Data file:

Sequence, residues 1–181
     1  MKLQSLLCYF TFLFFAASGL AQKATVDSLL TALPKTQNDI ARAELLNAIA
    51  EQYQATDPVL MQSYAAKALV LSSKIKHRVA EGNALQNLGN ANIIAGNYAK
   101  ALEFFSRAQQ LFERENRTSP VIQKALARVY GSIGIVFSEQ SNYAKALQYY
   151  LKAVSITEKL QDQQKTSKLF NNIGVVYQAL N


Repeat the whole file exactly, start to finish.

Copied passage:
Sequence, residues 1–181
     1  MKLQSLLCYF TFLFFAASGL AQKATVDSLL TALPKTQNDI ARAELLNAIA
    51  EQYQATDPVL MQSYAAKALV LSSKIKHRVA EGNALQNLGN ANIIAGNYAK
   101  ALEFFSRAQQ LFERENRTSP VIQKALARVY GSIGIVFSEQ SNYAKALQYY
   151  LKAVSITEKL QDQQKTSKLF NNIGVVYQAL N